Throughout the summer, unusually hot and dry weather in Europe has revealed a slew of archaeological treasures, from a prehistoric henge in Ireland, to an ornate 17th century garden in England, to a lost German village once submerged underwater. The most recent relic to surface amid the drought is a stark reminder that Europeans have long been afflicted by parched, damaging conditions. As the Associated Press reports, “hunger stones” warning of drought-induced hardships have started surfacing in the Czech Republic.
More than a dozen of the stones have been found in and near the town of Decin, which is crossed by the Elbe River. Due to scorching temperatures, the water in the river has dropped, revealing boulders that were once used to record low water levels. The rocks are etched with dates, and the earliest one currently visible is 1616.
But hunger stones did more than simply document drought: They also lamented difficult conditions and let people know that trouble was afoot. One of the rocks, for instance, “expressed that drought had brought a bad harvest, lack of food, high prices and hunger for poor people,” according to a 2013 study of drought in Czech lands. A German inscription on the same rock reads: “When you see me, weep.”
This particular hunger stone has become a well-known tourist attraction in the Czech Republic, according to NPR’s Camila Domonoske. It is among the oldest hydrological landmarks in Central Europe and, due to a dam that was built on a tributary of the Elbe in 1926, the rock can be seen approximately 126 days each year. But the low water levels in the Elbe today are nevertheless “exceptional,” Domonoske writes. Earlier this month, the Local reported that the river had reached its lowest levels in more than half a century.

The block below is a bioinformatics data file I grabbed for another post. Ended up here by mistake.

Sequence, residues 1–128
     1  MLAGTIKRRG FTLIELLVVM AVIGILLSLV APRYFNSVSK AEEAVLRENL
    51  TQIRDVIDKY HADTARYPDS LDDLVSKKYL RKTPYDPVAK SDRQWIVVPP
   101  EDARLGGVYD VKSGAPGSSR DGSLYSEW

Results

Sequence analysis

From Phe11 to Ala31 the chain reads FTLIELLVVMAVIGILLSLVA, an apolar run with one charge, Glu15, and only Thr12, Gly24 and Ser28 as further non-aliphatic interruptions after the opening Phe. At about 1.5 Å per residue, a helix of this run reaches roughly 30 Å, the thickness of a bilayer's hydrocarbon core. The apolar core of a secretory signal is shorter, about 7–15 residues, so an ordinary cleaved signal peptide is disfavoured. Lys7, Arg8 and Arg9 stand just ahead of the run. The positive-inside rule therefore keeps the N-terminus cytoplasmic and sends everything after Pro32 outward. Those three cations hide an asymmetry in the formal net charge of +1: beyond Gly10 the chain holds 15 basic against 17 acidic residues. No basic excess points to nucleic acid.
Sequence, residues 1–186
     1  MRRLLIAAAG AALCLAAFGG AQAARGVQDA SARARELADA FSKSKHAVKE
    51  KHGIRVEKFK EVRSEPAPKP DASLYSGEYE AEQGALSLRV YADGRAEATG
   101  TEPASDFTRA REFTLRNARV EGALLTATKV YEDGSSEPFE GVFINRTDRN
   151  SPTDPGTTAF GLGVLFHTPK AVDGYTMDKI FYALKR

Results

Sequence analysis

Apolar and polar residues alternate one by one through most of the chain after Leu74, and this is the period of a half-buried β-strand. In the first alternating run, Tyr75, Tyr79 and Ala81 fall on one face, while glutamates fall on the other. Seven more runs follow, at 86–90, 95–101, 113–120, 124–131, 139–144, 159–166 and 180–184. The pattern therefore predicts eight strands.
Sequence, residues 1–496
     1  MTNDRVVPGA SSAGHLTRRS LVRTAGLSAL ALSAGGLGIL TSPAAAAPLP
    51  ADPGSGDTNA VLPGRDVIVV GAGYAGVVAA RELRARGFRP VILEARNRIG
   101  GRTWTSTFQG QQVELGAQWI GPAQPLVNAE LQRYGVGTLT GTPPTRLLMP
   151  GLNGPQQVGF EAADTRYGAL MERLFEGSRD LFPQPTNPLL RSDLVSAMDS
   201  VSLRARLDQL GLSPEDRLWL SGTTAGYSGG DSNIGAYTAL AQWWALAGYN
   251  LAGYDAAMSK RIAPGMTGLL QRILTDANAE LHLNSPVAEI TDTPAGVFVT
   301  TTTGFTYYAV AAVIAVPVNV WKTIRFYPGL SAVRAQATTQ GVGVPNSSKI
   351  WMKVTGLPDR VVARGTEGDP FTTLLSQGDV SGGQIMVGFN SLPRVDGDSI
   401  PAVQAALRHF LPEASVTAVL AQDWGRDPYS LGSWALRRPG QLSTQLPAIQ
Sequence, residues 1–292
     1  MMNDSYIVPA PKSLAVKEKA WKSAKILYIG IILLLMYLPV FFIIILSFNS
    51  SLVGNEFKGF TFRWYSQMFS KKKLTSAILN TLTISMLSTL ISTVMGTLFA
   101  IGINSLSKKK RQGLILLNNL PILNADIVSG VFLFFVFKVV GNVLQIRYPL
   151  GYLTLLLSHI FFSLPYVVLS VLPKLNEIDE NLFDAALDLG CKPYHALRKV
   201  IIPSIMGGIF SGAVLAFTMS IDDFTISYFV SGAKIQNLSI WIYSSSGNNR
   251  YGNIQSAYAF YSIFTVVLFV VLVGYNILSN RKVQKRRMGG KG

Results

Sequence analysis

The hunger stones are not the first sunken relics to resurface in the Elbe this summer. Earlier this month, receding waters exposed unexploded bombs that may have been dumped in the Elbe after WWII.
Scientists are particularly concerned about the current European heatwave because its increased intensity has been linked to climate change. But as the hunger stones suggest, the continent has seen its fair share of damaging droughts. A recent study, in fact, found that while 21st century droughts are “the most extreme droughts driven by precipitation deficits during the vegetation period,” they have not been as long or as severe as some of the historic droughts that have struck Europe over the past 250 years.
It is perhaps little wonder, then, that the Czech hunger stones bear ominous messages of impending troubles.